Apple Could Source Key Battery Components Directly From Miners
- Author: Valerie Cook Feb 22, 2018,
Feb 22, 2018, 0:45
The challenge is that with the growth of electric and hybrid vehicles gobbling ever larger amounts of the metal, Cupertino fears a shortage that could hurt its sales figures.
Tech giant Apple Inc (NASDAQ: AAPL) is said to be in talks to buy long-term supplies of cobalt directly from miners as a way to ensure sufficient supply of the metal, an essential ingredient in the batteries that power its iPhone. Apple is now competing against global carmakers to acquire enough cobalt for their future products.
The sources in the report claim that Apple is looking to sign contracts to secure several thousand metric tons of cobalt a year, for up to five years, or maybe even longer.
Electric vehicle companies such as BMW and Volkswagen have been rushing to woo and procure long-term contracts with cobalt producers, according to Bloomberg. Any phone company that needs lithium-ion batteries is ultimately sourcing much of its cobalt from the DRC.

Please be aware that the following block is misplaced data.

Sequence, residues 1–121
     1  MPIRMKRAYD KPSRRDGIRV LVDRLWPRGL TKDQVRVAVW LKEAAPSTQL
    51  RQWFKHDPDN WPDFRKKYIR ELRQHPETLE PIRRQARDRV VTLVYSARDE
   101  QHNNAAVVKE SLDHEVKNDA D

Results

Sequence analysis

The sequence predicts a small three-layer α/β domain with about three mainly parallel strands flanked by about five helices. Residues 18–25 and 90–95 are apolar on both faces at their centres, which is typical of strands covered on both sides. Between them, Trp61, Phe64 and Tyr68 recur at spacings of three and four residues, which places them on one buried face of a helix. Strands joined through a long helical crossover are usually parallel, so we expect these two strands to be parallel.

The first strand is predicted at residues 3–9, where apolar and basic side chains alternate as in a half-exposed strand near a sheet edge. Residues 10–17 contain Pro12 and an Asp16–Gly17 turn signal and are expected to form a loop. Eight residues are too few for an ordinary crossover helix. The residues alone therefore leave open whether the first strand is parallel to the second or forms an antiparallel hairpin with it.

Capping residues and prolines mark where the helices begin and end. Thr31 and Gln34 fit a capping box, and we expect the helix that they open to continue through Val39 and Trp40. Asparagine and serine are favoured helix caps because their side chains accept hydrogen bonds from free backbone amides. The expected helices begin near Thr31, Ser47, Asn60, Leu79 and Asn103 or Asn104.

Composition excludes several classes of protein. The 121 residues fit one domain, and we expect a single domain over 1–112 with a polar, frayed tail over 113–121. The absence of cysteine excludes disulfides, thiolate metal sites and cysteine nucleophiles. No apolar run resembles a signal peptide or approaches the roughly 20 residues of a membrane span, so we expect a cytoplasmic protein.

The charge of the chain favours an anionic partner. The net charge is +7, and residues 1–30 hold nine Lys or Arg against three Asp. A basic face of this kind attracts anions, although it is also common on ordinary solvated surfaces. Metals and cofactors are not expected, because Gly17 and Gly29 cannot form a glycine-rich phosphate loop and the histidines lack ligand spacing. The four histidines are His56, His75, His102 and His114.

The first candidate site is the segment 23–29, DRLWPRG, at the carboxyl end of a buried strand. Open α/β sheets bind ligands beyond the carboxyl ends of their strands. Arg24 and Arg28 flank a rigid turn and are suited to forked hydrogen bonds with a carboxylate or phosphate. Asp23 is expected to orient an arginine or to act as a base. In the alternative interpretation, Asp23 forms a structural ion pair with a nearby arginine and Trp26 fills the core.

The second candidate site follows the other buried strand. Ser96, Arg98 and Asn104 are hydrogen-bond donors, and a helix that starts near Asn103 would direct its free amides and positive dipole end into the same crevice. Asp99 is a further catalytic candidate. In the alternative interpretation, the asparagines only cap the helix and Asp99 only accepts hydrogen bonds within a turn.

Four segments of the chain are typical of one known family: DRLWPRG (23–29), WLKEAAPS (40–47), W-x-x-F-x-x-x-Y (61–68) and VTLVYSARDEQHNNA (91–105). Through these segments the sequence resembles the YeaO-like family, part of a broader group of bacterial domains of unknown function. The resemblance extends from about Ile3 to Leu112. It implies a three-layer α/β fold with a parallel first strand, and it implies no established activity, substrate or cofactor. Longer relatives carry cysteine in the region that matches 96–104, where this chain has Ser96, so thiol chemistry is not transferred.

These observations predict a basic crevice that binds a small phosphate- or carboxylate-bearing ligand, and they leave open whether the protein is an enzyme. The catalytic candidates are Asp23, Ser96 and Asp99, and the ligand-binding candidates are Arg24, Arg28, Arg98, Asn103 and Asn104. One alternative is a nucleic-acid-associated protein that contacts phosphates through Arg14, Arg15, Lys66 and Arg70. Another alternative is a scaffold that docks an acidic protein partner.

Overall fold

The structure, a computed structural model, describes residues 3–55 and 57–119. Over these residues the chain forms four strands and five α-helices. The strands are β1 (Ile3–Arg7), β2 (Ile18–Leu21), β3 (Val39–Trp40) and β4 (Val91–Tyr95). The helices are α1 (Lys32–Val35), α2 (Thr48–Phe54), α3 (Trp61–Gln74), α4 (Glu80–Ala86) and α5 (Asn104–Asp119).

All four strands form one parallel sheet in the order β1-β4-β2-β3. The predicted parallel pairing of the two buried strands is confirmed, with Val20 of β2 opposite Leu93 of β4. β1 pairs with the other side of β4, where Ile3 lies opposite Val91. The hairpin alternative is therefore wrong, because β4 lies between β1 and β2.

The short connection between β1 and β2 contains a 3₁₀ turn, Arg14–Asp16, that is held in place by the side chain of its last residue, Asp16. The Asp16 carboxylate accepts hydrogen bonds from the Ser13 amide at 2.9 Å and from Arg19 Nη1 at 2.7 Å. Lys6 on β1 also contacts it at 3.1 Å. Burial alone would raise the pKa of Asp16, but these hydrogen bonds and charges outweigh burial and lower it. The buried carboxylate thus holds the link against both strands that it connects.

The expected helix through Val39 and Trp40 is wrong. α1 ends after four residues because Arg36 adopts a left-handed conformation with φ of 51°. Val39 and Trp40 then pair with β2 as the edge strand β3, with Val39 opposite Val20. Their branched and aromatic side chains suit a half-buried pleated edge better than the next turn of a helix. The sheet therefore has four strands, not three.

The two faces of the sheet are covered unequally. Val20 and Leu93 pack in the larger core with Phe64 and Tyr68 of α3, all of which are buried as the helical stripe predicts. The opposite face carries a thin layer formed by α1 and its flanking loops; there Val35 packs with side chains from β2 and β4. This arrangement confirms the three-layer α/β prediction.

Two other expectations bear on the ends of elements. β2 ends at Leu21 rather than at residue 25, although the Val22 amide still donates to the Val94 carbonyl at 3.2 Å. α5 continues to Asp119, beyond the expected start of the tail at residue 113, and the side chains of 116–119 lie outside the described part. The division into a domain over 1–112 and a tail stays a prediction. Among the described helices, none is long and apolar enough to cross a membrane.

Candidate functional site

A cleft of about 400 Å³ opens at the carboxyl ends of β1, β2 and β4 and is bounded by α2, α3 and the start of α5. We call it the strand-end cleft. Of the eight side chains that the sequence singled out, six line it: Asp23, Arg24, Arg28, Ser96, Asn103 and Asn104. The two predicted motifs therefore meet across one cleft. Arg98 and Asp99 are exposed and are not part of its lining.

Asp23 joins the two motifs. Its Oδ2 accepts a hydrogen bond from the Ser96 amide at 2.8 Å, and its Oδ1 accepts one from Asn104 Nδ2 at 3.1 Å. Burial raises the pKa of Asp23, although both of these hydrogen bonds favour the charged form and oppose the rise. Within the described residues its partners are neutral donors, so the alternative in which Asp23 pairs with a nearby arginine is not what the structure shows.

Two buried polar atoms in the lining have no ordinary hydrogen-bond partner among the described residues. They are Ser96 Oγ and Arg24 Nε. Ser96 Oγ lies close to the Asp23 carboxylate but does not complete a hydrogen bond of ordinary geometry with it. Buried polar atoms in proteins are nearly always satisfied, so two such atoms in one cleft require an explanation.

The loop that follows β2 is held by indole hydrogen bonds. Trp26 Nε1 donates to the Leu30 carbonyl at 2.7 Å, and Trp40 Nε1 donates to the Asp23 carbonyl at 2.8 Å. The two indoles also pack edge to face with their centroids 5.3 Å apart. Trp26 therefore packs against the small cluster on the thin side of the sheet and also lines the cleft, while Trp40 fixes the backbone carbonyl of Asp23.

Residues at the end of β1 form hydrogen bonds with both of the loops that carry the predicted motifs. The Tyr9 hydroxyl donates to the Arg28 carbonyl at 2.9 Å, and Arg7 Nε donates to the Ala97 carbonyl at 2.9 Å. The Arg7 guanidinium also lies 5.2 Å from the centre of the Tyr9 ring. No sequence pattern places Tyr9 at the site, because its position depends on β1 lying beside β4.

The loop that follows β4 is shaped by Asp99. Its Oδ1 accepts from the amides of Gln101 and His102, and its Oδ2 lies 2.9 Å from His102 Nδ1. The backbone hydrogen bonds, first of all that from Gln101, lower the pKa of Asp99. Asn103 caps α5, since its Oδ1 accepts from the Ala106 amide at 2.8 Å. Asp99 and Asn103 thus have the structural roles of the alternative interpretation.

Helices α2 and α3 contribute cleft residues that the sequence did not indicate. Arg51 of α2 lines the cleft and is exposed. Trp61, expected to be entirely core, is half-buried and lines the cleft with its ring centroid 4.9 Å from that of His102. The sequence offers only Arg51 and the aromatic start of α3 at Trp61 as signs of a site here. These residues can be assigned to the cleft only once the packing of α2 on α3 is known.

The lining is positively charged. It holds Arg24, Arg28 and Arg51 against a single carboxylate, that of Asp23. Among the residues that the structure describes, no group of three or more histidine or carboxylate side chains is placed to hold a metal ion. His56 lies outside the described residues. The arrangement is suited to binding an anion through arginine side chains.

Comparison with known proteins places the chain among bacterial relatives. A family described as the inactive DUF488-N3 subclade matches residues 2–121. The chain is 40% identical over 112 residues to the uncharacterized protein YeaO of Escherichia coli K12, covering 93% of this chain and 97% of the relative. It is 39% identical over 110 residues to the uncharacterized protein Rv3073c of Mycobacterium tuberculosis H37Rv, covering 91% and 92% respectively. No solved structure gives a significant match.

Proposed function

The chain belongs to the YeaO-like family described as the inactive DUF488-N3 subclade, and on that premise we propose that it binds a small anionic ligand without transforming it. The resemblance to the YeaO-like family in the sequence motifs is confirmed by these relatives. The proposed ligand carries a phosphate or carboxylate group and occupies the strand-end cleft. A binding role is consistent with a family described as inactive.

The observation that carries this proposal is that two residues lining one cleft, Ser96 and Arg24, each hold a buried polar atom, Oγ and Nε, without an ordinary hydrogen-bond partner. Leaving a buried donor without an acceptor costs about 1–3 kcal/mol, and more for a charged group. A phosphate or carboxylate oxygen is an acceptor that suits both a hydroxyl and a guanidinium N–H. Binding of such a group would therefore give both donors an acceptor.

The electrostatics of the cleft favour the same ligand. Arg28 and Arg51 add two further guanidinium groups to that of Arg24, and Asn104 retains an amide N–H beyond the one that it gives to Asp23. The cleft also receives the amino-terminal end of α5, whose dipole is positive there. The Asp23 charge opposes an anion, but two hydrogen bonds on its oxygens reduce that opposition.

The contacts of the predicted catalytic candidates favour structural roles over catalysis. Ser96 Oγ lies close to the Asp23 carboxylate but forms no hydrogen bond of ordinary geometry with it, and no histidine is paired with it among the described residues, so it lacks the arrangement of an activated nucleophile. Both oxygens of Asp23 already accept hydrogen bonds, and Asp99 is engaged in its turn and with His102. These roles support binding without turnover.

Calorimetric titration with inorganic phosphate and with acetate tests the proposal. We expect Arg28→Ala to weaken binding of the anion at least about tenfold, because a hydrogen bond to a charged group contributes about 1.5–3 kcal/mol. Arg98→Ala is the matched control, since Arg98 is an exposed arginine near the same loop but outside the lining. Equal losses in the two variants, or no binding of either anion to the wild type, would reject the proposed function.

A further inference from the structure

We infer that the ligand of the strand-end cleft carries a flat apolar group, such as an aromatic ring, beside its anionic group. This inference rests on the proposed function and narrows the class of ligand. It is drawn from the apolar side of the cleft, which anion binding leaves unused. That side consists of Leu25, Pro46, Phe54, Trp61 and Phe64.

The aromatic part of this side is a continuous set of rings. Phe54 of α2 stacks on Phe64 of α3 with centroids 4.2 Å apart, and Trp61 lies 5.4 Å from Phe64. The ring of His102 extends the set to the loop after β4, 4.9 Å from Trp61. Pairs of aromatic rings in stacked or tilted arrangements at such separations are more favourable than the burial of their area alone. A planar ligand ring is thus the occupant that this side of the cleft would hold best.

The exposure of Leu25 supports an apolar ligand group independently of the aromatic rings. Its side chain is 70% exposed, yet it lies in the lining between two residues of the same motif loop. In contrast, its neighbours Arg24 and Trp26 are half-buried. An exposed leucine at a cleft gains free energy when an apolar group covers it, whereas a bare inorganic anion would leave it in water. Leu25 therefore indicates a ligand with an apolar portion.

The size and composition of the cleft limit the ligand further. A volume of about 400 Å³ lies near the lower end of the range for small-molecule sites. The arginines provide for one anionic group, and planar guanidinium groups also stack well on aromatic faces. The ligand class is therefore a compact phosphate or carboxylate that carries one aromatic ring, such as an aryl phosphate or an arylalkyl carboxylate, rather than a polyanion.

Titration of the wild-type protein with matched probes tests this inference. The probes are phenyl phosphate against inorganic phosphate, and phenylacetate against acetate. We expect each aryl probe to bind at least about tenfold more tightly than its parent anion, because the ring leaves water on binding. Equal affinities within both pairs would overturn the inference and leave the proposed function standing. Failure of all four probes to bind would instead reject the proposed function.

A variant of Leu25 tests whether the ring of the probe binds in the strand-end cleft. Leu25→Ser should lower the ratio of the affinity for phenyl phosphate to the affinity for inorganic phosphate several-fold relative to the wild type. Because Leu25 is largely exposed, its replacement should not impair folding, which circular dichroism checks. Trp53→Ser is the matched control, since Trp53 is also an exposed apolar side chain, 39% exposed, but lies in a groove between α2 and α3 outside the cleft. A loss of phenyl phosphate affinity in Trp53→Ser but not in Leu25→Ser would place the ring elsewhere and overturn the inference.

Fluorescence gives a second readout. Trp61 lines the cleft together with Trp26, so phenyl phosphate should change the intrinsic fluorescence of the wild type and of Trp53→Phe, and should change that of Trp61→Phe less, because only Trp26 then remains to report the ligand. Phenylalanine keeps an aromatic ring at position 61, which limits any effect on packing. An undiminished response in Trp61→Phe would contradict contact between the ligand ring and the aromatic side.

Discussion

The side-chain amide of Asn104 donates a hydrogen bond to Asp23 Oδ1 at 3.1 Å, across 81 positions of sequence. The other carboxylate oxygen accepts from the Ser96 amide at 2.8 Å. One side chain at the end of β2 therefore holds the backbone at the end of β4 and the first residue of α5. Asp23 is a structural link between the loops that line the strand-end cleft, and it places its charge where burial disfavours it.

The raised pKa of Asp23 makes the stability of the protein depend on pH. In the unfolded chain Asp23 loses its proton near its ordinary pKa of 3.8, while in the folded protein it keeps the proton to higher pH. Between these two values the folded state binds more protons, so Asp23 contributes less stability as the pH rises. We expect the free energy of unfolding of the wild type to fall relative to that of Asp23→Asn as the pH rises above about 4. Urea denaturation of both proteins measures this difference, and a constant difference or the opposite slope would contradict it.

Other companies such as Samsung, BMW and VW are also racing to secure supplies, according to the report.
An Apple spokesman declined to comment. Glencore, the mining multinational that operates in about 50 countries, has named Apple as one of the main customers it was talking to about cobalt, according to Bloomberg. Apple has been in the talks with miners for more than a year.
Apple and other major cobalt consumers are scurrying to access cobalt resources that are now limited-not because of the amount of ore available, but because mining companies can't get it out of the ground fast enough to keep up with everyday demand of rechargeable batteries. A metric ton now costs $80,000 which is more than triple of what it used to cost 18 months ago. Cobalt is also mined in China, Russia, Canada and Australia, but we guess that would be more pricey.
Apple is among the largest consumer of cobalt. About 60 percent of the world's cobalt supply comes from the Democratic Republic of the Congo, and about 20 percent of it is mined by hand by children, Amnesty International reported in 2016.
In recent years, Apple has stepped up its engagement with cobalt suppliers after the origin of the metal in its supply chain came under scrutiny from human rights groups.